Hurling and camogie

'It was never a problem because it wasn't allowed to be': Down's Darragh Mallon hurling on his terms

Despite being born with a rare condition that only affects one in 20,000 people, Darragh Mallon was also born to hurl. Ahead of a charity day in Portaferry, Neil Loughran hears his story…

Down and Portaferry hurler Darragh Mallon was born with Poland syndrome, which affects on in 20,000 people. He hosts a charity day at St Patrick's Park today. Picture by Mal McCann
Neil Loughran

SHEETS of rain drive down diagonally as Strangford Lough stirs, a slow trickle of supporters waiting patiently for the ferry as whirring window wipers are granted a moment’s pause, the wisdom of taking the county hurling final out of its Ards heartland questioned from car to car.

Darragh Mallon didn’t mind going to Newry. The last three Down deciders – all between Ballycran and Portaferry – had taken place in Ballygalget. Going to Pairc Esler at least offered something different, even if the weather Gods weren’t smiling on this dank October day.

The game was a bit of a washout too, not that Portaferry cared.

Down to 14 men following the dismissal of captain Conor Mageean, and trailing by two in a game where such awful conditions placed a premium on every point, the Jeremiah McVeagh Cup was being readied for the return trip to McKenna Park.

But, just as a second wind had seen Ballycran across the line 12 months earlier, this time Ronan Blair romped to the rescue for the men in blue and gold, his thunderous late penalty evading Stephen Keith to spark pandemonium among the Portaferry following.

The heavens opened once more for good measure as Mageean lifted the trophy, his cousin Ciara watching from the field with that familiar coat-hanger smile, parish pride something special even in the midst of international high achievers, teeming rain no impediment to a town’s joy.

Oblivious to the water tripping off him, Mallon savoured every second. Just like dad Marty in the decades before, the 26-year-old is a defensive dog of war. This was their bread and butter.

Yet for all the dirty work done as the sliothar slipped from palms and skidded across the sodden surface, it was the stylish manner in which Mallon went about his business that caught the eye – nipping around opponents and playing the game at his pace, a man always with seconds to spare.

But that is not the only thing which marks him out.

Ronan Sheehan was part of the stewarding team in Pairc Esler that day. It came as no surprise to see Mallon excel in trying circumstances.

Although now a staple of Sheehan’s Down senior side, it was over a decade earlier that their paths first crossed - the Newry man cringing slightly at the memory of an U14 development squad session at St Patrick’s College in Downpatrick.

During a drill about hand-passing off the hurl, Mallon was selected for the demonstration. After holding the hurl with his left hand and hand-passing with the right, Sheehan told him to do it again, this time with the other hand.

Mallon held the hurl with the left, hand-passed with the right. Sheehan asked again. Same result. When Sheehan made the request one more time - “no Darragh, with the other hand” – the teenager decided enough was enough, hanging the hurl by his side before holding up his left hand.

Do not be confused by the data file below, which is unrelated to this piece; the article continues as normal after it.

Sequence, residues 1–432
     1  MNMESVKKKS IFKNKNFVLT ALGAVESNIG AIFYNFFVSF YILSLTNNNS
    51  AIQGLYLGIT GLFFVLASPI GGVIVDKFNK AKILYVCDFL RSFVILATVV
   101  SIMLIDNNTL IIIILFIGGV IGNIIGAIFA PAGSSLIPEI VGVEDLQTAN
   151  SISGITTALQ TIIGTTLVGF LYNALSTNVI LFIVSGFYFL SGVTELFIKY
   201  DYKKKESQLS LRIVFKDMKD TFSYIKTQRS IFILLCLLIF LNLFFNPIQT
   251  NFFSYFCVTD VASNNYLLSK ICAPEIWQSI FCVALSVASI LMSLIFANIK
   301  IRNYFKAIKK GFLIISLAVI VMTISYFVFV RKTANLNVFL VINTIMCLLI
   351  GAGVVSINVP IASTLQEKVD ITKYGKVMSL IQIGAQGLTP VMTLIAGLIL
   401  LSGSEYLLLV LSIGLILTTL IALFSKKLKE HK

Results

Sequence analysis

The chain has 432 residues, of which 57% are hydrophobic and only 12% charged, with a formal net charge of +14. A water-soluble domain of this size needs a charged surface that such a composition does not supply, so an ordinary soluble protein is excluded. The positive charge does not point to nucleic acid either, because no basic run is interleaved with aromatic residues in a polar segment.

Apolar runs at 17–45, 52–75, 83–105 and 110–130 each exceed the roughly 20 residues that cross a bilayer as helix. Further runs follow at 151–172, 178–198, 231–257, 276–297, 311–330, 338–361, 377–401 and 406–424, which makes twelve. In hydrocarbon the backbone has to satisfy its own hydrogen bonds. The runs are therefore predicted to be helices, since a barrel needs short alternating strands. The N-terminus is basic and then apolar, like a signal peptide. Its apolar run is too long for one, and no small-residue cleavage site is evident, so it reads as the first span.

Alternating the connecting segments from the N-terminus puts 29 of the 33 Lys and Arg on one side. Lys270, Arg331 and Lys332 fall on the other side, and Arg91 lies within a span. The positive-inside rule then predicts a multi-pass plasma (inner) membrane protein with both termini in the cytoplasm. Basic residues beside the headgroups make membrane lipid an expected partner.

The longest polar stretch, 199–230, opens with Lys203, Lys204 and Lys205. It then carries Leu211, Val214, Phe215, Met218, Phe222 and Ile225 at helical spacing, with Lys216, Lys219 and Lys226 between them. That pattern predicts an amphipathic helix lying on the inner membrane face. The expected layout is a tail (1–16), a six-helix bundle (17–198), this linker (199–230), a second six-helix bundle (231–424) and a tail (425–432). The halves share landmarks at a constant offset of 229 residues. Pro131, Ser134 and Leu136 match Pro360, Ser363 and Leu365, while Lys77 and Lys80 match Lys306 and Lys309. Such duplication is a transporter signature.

"I f**king can’t.”


Darragh Mallon in action for Down during their Joe McDonagh Cup clash with Carlow. Picture by Philip Walsh


DARRAGH Mallon was born with Poland syndrome, an extremely rare condition which affects one in 20,000 people.

Typically those affected have missing or underdeveloped muscles on one side of the body, resulting in abnormalities that can affect the chest, shoulder, arm and hand. In his case it is the left side – his smaller hand and shorter fingers a red flag in the days after he was welcomed to the world.

In that sense, he counts himself lucky. Plenty don’t find out they have Poland syndrome until teenage years, when the missing pectoral muscle becomes more apparent, while he recently met a man who was 74 when diagnosed.

The CT scans, X-rays, MRIs, skin grafts, the three surgeries before the age of five, Mallon remembers none of it. To him, how he is now is how he has always been.

“I had five fingers, with a wee lump, but my mum made the decision with the surgeons to remove it so there was more room. That there,” he says, pointing to his hand, “is all I’ve ever known.”

And the reason people outside his circle aren’t aware is because he didn’t want them to be. No back slaps, no fair plays, no big deal.

Instead, the sole reason for granting this interview is to raise awareness of the condition, and a charity event he has organised at St Patrick’s Park, Portaferry today.

There will be a raffle - with Scott Brown’s signed Celtic shirt and a Tyrone jersey signed by the 2021 All-Ireland winning Red Hand team among the prizes up for grabs - a barbeque, music and, most importantly, a past v present hurling match, with all proceeds going to Poland syndrome charity PIP UK.

That father could be pitted against son is fitting too, given how family - and hurling - form the central pillars of life in the Mallon household.